Thursday, November 16, 2017

Harvard CS Concentrators Jump Again

During my time as Area Dean for computer science, the number of computer science majors at Harvard more than doubled.  Growth has continued, and according to the Crimson, we're now clearly the second largest concentration at Harvard.  (It looks like we just barely surpassed Government last year, and now we're clearly larger.  Economics is still bigger.)

When you consider that Applied Math is the 4th largest major group, and that's a group that is largely composed of people who do some mix of Math/Computer Science/Economics, I think the numbers actually underestimate the growth in CS at Harvard. 

It's been an exciting time since I started at Harvard in 1999.  One could see what was coming.  Though, sadly, the administration still seems far from having caught up -- we (like many other CS departments) really could use some more resources coming our way.   Universities are a bit slow to respond (sometimes for good reasons), and the speed of these changes is, in context, just remarkable.  And, I'd have to say, have added to the fun of being a CS professor.  Back in 1999, CS was incorrectly perceived to be a backwater at Harvard, small and unnoticed, but where there was a lot of excitement and energy.  Fast forward less than two decades, and now we're clearly at the core of Harvard and its future. 

Thursday, November 09, 2017

BARC, Copenhagen

A few summers ago, I had an opportunity to visit Copenhagen, and work with Rasmus Pagh for a month.   I (and the family) liked it so much we went back the next summer for a hashing workshop.  While algorithms and data structure people were already familiar with Denmark's Aarhus and MADALGO, it was clear to me that Copenhagen was on the rise as an algorithmics center.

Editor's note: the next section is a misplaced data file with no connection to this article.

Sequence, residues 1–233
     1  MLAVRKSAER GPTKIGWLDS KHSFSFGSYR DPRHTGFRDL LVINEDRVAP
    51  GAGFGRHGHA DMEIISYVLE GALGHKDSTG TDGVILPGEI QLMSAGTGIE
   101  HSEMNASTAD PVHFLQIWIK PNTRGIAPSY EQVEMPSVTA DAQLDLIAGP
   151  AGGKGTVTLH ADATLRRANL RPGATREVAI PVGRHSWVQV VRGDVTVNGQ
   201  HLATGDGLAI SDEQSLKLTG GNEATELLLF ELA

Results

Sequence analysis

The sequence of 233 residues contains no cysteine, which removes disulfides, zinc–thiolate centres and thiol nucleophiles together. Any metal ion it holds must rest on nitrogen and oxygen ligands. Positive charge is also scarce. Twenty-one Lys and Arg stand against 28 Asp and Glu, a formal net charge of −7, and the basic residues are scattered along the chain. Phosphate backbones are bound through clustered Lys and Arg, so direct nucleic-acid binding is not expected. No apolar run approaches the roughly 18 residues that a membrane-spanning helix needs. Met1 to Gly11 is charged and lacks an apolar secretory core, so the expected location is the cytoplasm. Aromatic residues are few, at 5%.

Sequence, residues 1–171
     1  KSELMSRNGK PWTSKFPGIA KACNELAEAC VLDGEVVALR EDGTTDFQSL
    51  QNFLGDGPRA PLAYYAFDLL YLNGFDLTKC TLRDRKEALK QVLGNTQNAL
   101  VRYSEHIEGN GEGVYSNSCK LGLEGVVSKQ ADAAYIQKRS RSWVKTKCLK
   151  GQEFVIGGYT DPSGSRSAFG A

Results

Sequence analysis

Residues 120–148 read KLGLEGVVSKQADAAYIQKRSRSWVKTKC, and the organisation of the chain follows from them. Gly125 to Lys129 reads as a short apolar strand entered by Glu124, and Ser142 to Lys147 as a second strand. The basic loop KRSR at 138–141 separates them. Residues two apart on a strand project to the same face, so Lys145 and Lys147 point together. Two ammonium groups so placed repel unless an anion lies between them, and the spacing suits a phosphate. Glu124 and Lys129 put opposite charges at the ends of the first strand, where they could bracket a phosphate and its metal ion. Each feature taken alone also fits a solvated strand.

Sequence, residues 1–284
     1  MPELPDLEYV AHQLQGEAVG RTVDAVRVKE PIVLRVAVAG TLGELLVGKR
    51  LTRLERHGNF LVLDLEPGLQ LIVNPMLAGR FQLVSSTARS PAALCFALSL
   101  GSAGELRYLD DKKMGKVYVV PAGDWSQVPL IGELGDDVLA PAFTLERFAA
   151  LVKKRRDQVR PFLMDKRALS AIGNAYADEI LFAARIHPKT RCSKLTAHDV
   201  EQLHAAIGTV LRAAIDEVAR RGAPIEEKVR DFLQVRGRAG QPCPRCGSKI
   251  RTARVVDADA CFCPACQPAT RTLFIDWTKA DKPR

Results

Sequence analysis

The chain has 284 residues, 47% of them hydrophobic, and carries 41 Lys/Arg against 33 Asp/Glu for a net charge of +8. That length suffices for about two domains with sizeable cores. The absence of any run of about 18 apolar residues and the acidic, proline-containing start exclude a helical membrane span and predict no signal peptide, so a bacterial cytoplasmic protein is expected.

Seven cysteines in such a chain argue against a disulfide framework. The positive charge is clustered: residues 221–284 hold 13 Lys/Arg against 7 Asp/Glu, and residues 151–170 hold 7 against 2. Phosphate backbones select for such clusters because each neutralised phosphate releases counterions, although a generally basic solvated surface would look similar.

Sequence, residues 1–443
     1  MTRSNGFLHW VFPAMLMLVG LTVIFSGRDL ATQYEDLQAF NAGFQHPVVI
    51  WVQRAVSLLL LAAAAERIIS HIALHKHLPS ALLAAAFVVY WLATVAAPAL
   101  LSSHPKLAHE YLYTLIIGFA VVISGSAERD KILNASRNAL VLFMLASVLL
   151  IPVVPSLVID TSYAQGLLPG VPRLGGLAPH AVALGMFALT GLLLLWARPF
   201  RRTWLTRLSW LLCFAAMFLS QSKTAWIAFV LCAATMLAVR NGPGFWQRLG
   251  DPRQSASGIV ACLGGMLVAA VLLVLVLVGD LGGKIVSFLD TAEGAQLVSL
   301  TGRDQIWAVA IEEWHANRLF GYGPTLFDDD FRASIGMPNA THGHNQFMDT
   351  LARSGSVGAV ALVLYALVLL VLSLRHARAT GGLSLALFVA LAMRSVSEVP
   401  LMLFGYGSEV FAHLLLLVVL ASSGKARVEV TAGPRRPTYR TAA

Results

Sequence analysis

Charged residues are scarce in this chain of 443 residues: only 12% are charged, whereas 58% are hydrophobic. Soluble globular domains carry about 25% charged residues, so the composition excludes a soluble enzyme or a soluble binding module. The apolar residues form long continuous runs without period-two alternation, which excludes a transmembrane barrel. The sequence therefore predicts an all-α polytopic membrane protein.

That's now been formalized, thanks to a huge new grant for algorithms research centered around a collection of fantastic researchers in Copenhagen -- and they're looking for graduate students, post-docs, visitors, and faculty.  Rasmus sent me a blurb that I'm posting below, introducing the new Basic Algorithms Research Copenhagen, or BARC.

This is wonderful in so many ways.  First, it is always great generally for our community when algorithmic work is recognized and funded.  Second, this is a fantastic group of researchers -- for example, obviously I am biased, but Rasmus and Mikkel Thorup, both individually and together, have just been knocking it out of the park over and over again for years in algorithms and data structures (particularly with regard to hashing).  Third, for many, this is a marvelous opportunity.  Copenhagen is just a wonderful city, and the chance to go and work there with the top people is something many people will enjoy.  (And don't we do better work when we're someplace we enjoy being?)

With all that, let me put up the blurb on BARC, and point you to the home page at and the Facebook page at  (Note there are deadlines coming up for some of the positions.)

BARC (Basic Algorithms Research Copenhagen) is new center for foundational research in design and analysis of algorithms. The center, which will be inaugurated onDecember 1, is led by Mikkel Thorup. It aims to "attract top talent from around the world to an ambitious, creative, collaborative, and fun environment” in Copenhagen, Denmark. Other core scientists in the center are Stephen Alstrup, Thore Husfeldt, and Rasmus Pagh. The center is part of a larger effort increasing the number of faculty members in algorithms research, and making Copenhagen a hub for algorithms research. The BARC center has received funding of over 6 million USD for the next 6 years from VILLUM Fonden to employ graduate students and post-docs, and to attract a stream of long- and short-term visitors. People interested in BARC should visit the web pages at or follow @barcdk on social media — the first assistant/associate professor, post-doc, and PhD student positions are already announced, with deadlines in November and December.